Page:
“I applaud Sequoia for what they’re doing, but that’s only the first step to building an open transparent accurate and secure system.”

The group’s goal is to create a publicly owned, open source election system, encompassing the entire process – from voter registration, to voting, to counting ballots.  He says public ownership is key to making elections truly participatory, and reducing the cost-likely not the goal of the for-profit Sequoia.

“What they are doing is disclosing their source, they are putting in on display for everyone to inspect.  That does not mean that they are going to allow anyone to modify it, change it, or build a new system based upon it, or that they’re going to have any collaborative effort that involves the community, in improving that system.”

There have been numerous problems documented with Sequoia’s optical scan machines since 2002, including votes failing to register for the right candidate and failure to count votes at all.  Andrew Stelzer, Free Speech Radio News.

This story has been changed to reflect a correction. FSRN originally stated the source code would be released in November 2010. The code was actually released in November 2009.




House of Representatives releases its version of health care reform legislation
The House of Representatives released its version of health care reform legislation. The bill, reading nearly two thousand pages, includes a public option and is expected to be deficit neutral. Its introduction was hailed by proponents in Washington as historic. But some Democrats, including many progressives, are disappointed. FSRN’s Leigh Ann Caldwell reports.


Obama signs law to change military commissions
The military commissions used to try Guantanamo detainees will come under new rules. The Military Commissions Act of 2009 is part of the defense bill that President Obama signed on Wednesday.

The rules will bring the commissions more into line with international law by granting defendants the right to attend their own trial and examine the evidence against them. The new rules also exclude statements obtained through torture from the proceedings.

Those are important changes, says Shayana Kadidal, the senior managing attorney of the Guantánamo Global Justice Initiative at the Center for Constitutional Rights (CCR). The CCR brought the first habeas corpus case to Supreme Court and oversees more than 200 cases of Guantanamo detainees. Attorney Shayana Kadidal says keeping the military commissions as an option represents a compromise from Obama – not a clear break from the Bush era.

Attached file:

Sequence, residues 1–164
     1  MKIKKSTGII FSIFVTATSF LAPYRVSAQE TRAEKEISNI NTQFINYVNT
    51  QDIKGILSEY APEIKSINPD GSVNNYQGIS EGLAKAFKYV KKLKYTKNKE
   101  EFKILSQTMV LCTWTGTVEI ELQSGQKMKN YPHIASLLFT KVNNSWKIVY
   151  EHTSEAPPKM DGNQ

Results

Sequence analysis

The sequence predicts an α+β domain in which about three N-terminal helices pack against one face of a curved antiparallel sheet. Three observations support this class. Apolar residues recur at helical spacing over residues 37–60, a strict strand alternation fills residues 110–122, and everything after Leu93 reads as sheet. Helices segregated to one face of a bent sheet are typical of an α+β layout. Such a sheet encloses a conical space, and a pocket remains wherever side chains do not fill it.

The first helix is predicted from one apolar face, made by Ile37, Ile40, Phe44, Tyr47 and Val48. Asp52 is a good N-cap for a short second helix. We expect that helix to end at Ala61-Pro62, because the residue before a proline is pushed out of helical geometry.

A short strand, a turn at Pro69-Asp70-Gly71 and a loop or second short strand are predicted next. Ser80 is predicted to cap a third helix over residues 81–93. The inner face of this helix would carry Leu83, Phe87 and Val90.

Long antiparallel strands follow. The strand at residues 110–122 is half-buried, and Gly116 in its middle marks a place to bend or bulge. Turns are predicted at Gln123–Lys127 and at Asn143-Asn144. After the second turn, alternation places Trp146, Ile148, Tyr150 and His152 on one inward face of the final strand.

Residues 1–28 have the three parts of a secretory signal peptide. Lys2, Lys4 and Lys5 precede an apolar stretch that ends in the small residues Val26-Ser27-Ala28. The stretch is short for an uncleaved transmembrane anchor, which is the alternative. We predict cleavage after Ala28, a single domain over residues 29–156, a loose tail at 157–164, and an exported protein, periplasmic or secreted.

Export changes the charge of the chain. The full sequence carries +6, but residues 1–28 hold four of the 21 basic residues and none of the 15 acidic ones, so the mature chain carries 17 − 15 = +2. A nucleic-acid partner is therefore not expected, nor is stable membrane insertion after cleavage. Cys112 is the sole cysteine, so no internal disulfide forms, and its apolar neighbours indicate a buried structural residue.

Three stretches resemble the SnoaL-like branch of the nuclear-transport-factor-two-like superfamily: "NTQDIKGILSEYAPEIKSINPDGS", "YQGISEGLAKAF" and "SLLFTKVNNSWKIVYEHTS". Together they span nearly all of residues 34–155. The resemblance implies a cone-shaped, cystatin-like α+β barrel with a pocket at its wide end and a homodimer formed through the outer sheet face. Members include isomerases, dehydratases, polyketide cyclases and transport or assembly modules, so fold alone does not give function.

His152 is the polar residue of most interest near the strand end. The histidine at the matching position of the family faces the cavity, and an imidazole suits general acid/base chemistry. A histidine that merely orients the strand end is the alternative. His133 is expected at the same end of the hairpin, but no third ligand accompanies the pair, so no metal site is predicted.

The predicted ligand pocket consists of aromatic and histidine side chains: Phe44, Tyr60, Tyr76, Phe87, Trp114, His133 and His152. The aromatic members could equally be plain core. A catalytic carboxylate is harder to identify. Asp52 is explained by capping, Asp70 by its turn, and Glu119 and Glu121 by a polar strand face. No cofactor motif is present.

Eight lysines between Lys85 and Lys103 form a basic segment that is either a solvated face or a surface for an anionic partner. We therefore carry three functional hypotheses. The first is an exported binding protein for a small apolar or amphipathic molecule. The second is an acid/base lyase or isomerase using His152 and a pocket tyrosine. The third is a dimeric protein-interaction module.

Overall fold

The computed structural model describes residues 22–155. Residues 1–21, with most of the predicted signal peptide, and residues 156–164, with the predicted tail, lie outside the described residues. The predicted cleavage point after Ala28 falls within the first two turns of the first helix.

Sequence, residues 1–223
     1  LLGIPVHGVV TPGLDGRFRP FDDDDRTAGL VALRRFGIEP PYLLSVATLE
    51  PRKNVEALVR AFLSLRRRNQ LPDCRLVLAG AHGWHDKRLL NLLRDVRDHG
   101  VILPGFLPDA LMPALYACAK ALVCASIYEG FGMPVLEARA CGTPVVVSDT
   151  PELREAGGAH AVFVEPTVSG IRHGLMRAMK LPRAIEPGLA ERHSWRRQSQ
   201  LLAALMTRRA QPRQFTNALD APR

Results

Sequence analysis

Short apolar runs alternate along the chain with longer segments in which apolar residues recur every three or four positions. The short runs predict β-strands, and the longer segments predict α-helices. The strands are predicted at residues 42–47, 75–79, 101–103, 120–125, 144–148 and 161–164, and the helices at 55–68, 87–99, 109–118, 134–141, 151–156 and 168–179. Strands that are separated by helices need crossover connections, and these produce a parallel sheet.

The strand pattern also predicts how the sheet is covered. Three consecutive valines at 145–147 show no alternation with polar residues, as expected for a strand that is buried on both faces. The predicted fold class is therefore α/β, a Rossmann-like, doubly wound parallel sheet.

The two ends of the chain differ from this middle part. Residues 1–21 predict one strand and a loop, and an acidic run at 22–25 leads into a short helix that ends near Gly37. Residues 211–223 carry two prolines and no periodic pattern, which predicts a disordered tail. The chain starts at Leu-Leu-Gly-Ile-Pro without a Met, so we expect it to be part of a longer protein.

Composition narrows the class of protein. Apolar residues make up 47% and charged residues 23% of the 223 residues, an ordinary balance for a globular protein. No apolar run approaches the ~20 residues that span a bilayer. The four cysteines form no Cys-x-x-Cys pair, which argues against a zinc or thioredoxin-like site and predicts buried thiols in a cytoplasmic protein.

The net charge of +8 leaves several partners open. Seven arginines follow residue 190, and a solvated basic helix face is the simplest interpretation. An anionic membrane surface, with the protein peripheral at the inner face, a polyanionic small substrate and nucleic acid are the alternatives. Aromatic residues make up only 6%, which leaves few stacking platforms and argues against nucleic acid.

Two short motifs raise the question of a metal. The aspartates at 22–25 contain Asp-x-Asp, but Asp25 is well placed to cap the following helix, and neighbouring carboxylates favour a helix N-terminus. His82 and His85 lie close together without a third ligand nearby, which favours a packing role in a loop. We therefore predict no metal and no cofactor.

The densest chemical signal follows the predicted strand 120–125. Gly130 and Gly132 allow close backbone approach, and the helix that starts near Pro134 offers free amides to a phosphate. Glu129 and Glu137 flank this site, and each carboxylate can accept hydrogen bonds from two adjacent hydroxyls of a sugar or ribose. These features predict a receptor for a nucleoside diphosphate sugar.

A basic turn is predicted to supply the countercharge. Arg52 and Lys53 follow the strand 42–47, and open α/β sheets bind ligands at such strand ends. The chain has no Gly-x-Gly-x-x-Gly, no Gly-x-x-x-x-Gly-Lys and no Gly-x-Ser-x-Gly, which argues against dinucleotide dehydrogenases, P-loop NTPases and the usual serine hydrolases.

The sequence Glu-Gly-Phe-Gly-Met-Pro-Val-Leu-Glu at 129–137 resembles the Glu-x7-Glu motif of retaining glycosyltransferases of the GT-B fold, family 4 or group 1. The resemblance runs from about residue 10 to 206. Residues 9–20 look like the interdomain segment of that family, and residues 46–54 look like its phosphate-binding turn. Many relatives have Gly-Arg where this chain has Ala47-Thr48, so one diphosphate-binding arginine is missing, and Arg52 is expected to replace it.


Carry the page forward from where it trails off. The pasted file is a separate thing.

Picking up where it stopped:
“The difference now is that they’re President Obama’s military commissions, you know, he owns them, he owns all the problems that will come with them. And if they’re used, their inevitable failure will scar his legacy.”

Kadidal says there is a judicial system already in place that would be more appropriate.

“Terrorism is a particularly destructive and heinous form of crime and has to be treated using the criminal justice system which is perfectly capable of trying terrorists, as we’ve seen with the ’93 World Trade Center bombing and the East African embassy bombings. It’s perfectly capable of handling classified information and evidence and has much greater legitimacy than any military trial system.”

The new rules still permit the prosecution of children at military trials – human rights groups had pushed for a prohibition on the practice. There are about 220 detainees at Guantanamo. President Obama has pledged to close the prison camp by January 2010.


Maine voters decide future of state’s same-sex marriage law
Next week Maine voters will decide if a law that guarantees the right of same sex couples to get married will stay on the books. Earlier this year, Maine became the fifth state to approve same sex marriage when Governor John Baldacci signed LD 1020. But soon after, anti-gay marriage groups petitioned for a referendum on the law and it goes before voters on Tuesday. Here to join us is Jesse Connolly. He’s the campaign manager for the NO on 1 Campaign.


Governor’s race in Virginia seen as key indicator nationwide
Voters in Virginia will head to the polls next Tuesday to elect their new governor. The race is between Republican Bob McDonnell, the state’s former attorney general and Democrat Creigh Deeds, a state legislator since 1991 and former county prosecutor.  As one of two states electing a governor this year, some political analysts are watching closely to see what the results might mean for future elections. From WRIR in Richmond, Brad Kutner reports.


Reconstruction stalled in Gaza, ten months after Israeli offensive
In Gaza, the Hamas government warned residents against voting in the January 2010 elections called by Palestinian President Mahmoud Abbas of the rival Fatah party. Hamas and Fatah have been locked in a bitter – and sometimes deadly – power struggle since 2007, despite attempts to form a lasting unity deal. Meanwhile, reconstruction efforts in Gaza have yet to start, ten months after a major Israeli military offensive last winter. Israel’s blockade of the coastal territory along with an internationally enforced embargo against the ruling Hamas Party are causing the largest delays. FSRN’s Rami Almeghari has the story.